For those who grew up in Cobb County in the past four decades, it's nearly impossible to not have a memory that involves Town Center at Cobb, commonly known as Town Center Mall.

For Atlanta resident Darin Givens, those memories are formative. He worked at B. Dalton Booksellers at the mall in 1990 — during the height of what he referred to as the "teenage suburban mall craze" that swept most of America during that decade and the late '80s.

"It was exciting to be around all of that activity," he said. "You know, all the people coming in, especially on the weekends. It was very, very crowded."

Givens recounted the fanfare that surrounded Town Center in its opening years. Prior to its development, the area around Barrett Parkway in Cobb was just hills and farmlands, a scene that may be hard to imagine for those familiar with the present-day road checkered with restaurants including Chili's and T.G.I. Fridays and retail locations such as Best Buy.

"Anytime we would get even a dusting of snow, my family would drive down the parkway because it was so beautiful to see snow on those rolling hills of the former cow pastures and farmland," he said. "Then when I was a teenager, the mall opened and it was just so exciting to see this development there."

The mall's opening in 1986 took business away from the existing Lenox and Cumberland malls and drew patrons who drove long distances to shop at its stores. However, the last decade has not been kind to shopping malls across America — and the stress they've faced has only been exacerbated by the COVID-19 pandemic.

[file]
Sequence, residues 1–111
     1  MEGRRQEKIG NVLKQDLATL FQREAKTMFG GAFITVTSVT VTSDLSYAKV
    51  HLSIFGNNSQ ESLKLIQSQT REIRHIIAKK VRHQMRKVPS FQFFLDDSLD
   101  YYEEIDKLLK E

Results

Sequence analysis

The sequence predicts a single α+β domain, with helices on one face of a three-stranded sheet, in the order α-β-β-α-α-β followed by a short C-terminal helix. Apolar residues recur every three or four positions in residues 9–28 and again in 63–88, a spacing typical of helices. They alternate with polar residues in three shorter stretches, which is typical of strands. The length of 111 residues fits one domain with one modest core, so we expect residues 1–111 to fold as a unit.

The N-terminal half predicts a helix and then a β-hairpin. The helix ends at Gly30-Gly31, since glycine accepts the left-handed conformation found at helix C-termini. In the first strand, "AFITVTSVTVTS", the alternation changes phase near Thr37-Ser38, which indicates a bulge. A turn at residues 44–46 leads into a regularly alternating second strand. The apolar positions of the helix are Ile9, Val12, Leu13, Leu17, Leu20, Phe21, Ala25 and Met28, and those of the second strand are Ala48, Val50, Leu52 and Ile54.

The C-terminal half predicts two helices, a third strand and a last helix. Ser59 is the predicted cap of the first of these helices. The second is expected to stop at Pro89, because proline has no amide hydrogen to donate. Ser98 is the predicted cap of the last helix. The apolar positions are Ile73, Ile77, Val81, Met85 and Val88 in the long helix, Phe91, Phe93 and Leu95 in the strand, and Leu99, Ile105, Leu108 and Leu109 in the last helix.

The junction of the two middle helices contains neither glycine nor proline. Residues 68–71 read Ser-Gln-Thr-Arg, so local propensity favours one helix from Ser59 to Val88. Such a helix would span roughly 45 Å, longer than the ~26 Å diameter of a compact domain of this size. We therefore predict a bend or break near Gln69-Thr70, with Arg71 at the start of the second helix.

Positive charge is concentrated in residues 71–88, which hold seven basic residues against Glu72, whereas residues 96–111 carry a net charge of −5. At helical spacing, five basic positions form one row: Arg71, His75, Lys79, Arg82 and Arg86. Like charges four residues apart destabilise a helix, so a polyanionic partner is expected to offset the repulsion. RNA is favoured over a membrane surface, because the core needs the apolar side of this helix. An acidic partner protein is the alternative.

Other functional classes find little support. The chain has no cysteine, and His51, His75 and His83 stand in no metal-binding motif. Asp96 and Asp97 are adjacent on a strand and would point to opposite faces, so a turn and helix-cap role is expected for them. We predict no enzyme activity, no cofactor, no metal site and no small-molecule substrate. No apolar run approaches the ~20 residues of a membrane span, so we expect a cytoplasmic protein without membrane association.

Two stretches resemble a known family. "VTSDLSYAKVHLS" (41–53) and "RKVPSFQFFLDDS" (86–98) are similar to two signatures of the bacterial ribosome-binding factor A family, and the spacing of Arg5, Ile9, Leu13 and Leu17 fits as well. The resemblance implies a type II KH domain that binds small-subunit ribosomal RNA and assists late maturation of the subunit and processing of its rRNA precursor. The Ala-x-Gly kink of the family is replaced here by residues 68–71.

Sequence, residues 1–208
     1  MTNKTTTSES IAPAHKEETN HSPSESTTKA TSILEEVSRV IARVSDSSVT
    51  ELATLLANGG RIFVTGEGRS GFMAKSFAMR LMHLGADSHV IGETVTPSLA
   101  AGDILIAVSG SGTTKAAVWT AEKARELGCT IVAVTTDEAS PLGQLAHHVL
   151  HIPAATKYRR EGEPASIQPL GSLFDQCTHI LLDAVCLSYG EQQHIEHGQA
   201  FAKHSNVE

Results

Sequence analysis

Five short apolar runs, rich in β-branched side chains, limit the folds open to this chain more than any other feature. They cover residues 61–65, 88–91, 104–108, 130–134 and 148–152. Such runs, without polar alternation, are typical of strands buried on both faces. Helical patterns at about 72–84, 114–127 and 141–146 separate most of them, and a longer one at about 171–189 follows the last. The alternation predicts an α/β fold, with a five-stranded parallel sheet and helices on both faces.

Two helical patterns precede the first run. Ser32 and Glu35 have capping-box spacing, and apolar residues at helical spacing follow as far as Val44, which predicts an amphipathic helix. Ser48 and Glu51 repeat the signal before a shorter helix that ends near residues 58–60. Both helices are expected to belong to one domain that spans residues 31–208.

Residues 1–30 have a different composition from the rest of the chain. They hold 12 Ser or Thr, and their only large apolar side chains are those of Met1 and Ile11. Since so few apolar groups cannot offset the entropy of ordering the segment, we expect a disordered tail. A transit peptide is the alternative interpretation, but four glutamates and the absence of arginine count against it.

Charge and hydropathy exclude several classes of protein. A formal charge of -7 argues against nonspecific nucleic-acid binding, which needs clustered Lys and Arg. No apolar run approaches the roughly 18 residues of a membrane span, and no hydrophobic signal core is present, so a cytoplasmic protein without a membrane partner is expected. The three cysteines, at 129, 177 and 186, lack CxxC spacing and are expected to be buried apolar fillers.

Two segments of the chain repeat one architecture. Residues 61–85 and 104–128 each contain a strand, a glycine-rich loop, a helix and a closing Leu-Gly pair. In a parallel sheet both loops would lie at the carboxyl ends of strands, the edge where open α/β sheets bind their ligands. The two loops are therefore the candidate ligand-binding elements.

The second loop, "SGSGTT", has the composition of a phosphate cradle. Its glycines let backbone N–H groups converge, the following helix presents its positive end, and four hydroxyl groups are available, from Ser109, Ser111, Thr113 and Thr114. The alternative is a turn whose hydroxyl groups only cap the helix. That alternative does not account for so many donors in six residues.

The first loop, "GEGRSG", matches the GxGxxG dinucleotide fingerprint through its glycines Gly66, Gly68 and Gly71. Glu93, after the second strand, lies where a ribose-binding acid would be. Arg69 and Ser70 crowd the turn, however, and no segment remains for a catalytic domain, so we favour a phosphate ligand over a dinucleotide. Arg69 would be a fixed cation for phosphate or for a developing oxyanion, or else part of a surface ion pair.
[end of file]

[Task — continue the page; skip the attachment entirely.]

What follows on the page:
A sign still stands out of the former Sears location at Town Center at Cobb. The anchor had been open there since the mall's inception in 1986.

A parking sign remains standing outside of the former Sears location at Town Center at Cobb.

Credit: Sarah Rose / GPB News

Town Center has fared better than some. It still retains three of its anchor stores: Macy's, Belk and JC Penney, although its Sears location closed late last year amid the troubled chain's latest round of cutbacks. The store had been at the mall since its inception.

That doesn't mean the long-enduring mall isn't staring down its own grim prognosis. Last week, the property — now formerly owned by real estate development trust Simon — was foreclosed upon by its lenders and investors following a default on a $200 million loan. When asked by GPB News who was now managing the day-to-day operations of the mall itself, trustee Deutsche Bank declined to comment and the mall's management office did not return phone calls. 

The edifice crumbles on the entrance to Town Center's former Sears location.

The edifice crumbles on the entrance to Town Center's former Sears location.

Credit: Sarah Rose / GPB News

Town Center's homepage on the Simon website now redirects to an error page. The mall's Facebook page also removed Simon branding from its latest profile picture.

GPB News counted at least 13 empty storefronts across the mall on Monday.